'At least 60,000 dead' in Syria regime prisons
Beirut (AFP) –
At least 60,000 people have died in Syrian government prisons over the past five years from torture or due to dire humanitarian conditions, including a lack of food, a monitor said Saturday.
The head of the Syrian Observatory for Human Rights monitoring group, Rami Abdel Rahman, said he compiled the toll from regime sources.
"Since March 2011, at least 60,000 people lost their lives to torture or to horrible conditions, notably the lack of medication or food, in regime detention centres," Abdel Rahman told AFP.
He said the highest number of deaths had been recorded in the infamous Saydnaya prison as well as detention centres run by Syria's notorious air force intelligence and state security forces.
Thousands of prisoners are held in the military-run Saydnaya prison, one of the country's largest detention centres located 30 kilometres (18 miles) north of Damascus.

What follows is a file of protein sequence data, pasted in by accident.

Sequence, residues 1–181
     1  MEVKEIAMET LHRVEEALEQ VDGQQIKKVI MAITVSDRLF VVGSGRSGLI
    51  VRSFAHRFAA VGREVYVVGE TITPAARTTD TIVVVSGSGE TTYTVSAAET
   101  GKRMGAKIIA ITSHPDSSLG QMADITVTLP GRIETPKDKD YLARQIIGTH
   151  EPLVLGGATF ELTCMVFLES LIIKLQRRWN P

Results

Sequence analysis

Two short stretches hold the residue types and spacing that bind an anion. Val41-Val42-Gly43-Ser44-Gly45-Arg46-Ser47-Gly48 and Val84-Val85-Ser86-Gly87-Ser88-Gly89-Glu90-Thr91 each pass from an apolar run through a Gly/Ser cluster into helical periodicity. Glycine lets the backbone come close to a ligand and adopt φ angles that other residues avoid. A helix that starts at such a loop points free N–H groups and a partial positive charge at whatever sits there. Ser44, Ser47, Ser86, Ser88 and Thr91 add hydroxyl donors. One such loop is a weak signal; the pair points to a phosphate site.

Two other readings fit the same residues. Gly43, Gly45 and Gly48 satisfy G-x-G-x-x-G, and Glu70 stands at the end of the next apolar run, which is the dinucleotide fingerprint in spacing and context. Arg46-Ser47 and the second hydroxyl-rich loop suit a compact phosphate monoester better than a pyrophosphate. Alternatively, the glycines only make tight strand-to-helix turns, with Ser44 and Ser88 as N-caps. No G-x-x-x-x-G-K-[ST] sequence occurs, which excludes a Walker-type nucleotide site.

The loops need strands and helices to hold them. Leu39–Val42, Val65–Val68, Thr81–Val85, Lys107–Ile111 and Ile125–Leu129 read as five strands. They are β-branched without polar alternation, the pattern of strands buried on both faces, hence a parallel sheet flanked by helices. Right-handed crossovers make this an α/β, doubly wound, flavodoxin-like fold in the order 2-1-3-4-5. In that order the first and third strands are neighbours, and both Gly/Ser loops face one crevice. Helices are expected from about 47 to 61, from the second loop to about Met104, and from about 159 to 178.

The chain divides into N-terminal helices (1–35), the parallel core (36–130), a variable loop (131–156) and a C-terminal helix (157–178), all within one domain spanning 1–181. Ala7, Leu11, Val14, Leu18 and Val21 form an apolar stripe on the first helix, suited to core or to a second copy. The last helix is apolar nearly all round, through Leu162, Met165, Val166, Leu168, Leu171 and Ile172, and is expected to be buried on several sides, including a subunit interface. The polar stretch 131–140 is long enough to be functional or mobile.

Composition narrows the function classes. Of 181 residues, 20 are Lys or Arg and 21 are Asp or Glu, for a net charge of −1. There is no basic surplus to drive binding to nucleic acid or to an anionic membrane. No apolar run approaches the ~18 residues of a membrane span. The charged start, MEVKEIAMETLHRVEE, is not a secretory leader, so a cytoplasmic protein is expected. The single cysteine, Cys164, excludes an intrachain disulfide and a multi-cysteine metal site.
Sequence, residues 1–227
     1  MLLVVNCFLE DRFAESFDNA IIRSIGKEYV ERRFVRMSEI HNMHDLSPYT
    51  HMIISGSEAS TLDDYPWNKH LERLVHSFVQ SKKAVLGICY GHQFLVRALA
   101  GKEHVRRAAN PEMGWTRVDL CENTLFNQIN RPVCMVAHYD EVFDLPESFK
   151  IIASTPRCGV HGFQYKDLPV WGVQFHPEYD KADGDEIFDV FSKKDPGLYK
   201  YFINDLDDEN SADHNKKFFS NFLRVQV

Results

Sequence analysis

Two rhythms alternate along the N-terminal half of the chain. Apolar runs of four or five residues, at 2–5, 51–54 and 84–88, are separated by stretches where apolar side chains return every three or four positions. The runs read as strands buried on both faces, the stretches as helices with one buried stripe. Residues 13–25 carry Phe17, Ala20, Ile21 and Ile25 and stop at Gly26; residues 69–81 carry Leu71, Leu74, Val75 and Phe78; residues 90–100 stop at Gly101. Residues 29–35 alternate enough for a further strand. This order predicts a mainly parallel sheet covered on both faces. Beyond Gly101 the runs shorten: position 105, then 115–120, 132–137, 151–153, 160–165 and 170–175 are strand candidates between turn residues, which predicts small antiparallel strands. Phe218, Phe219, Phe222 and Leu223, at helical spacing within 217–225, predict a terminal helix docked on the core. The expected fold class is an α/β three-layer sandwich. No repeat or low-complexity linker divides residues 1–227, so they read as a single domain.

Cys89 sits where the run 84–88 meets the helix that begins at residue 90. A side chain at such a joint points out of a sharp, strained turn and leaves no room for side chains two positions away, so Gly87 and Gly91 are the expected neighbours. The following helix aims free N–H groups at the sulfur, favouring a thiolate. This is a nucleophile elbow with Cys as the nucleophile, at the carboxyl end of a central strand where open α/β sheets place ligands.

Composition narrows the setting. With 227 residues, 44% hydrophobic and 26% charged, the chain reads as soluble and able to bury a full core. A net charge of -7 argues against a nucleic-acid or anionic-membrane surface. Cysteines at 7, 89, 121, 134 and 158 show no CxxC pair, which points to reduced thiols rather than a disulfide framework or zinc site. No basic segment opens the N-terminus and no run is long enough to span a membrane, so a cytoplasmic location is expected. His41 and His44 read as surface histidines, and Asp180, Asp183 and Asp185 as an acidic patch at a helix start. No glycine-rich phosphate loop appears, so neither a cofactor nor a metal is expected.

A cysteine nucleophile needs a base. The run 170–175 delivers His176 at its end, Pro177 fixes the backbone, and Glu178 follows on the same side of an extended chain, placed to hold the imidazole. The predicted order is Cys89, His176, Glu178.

Rights groups have accused Syria's government of systematically using torture and inhumane practices in its detention centres.
A UN probe in February accused the Syrian government of a policy of "extermination" in its jails.
The Britain-based Observatory says it has compiled a list of 14,456 names -- including 110 children -- who have died in regime prisons.
According to Abdel Rahman, government forces have arrested a total of 500,000 people since Syria's conflict erupted in 2011.
While some have been released and others died, the whereabouts of thousands of detainees remain unknown.
Abdel Rahman also said that "several thousand people" have died while being held by rebel groups and jihadist factions like the Islamic State group.
In early 2014, a regime defector calling himself "Caesar" smuggled out of Syria some 55,000 photographs depicting the tortured and abused bodies of around 11,000 people who had reportedly died in Syrian jails during the first two years of the conflict.
Earlier this month, the UN special envoy to Syria Staffan de Mistura named Eva Svoboda to oversee progress on the issue of detainees.
© 2016 AFP